Industrial Radiography Sources (ca. 1980s)
Gamma-emitting industrial radiography sources are used to "X-ray" metal that would be too thick for conventional X-rays. They are also used in confined areas that are too small for a portable X-ray machine.
A source typically consists of 30 to 100 curies of Ir-192 or Co-60 that is housed in a small metal capsule (ca. 1 cm long) at one end of a short flexible cable called a "pig tail." (see below). At the other end of the pigtail is a connector that is used to attach the source to a long (25 foot) "crank-out" cable (not shown). The crank-out cable allows the radiographer to operate the source at a safe distance.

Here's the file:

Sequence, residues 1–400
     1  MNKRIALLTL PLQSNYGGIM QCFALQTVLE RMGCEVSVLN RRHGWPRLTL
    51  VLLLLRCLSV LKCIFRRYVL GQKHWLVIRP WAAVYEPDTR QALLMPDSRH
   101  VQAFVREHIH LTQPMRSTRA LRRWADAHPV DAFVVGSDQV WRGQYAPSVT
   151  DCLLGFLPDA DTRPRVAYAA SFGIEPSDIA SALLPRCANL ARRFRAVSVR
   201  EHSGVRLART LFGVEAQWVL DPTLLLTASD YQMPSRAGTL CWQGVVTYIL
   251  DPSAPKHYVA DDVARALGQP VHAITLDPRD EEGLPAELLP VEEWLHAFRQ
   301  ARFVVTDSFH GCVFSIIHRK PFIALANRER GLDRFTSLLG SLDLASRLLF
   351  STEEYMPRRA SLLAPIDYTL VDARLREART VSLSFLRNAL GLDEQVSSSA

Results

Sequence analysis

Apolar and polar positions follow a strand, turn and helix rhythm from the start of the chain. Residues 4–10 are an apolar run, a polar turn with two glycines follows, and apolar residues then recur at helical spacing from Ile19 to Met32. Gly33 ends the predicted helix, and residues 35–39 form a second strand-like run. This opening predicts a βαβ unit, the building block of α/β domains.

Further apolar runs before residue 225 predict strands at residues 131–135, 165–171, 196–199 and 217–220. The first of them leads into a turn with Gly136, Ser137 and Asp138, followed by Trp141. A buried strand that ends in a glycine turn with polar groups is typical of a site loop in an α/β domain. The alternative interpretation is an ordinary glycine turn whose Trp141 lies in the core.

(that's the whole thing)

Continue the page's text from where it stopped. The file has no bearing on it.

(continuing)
The source is positioned on one side of the object (e.g., a weld) being "X-rayed," while photographic film is placed on the other side. Exposure times are very short, e.g., a few seconds.
These types of sources have been responsible for a number of radiation injuries (including deaths). A typical accident scenario involves the pigtail detaching from the crank-out cable and being left behind at the job-site. Later, someone not knowing what it is picks it up and possibly takes it home. Early industrial radiography sources, like those shown above, carried no indication that they were radioactive or dangerous. As such, this type of mistake was all too easy. Pigtails with the old "eye and hook" connectors (lower image) were particularly prone to detaching and being lost.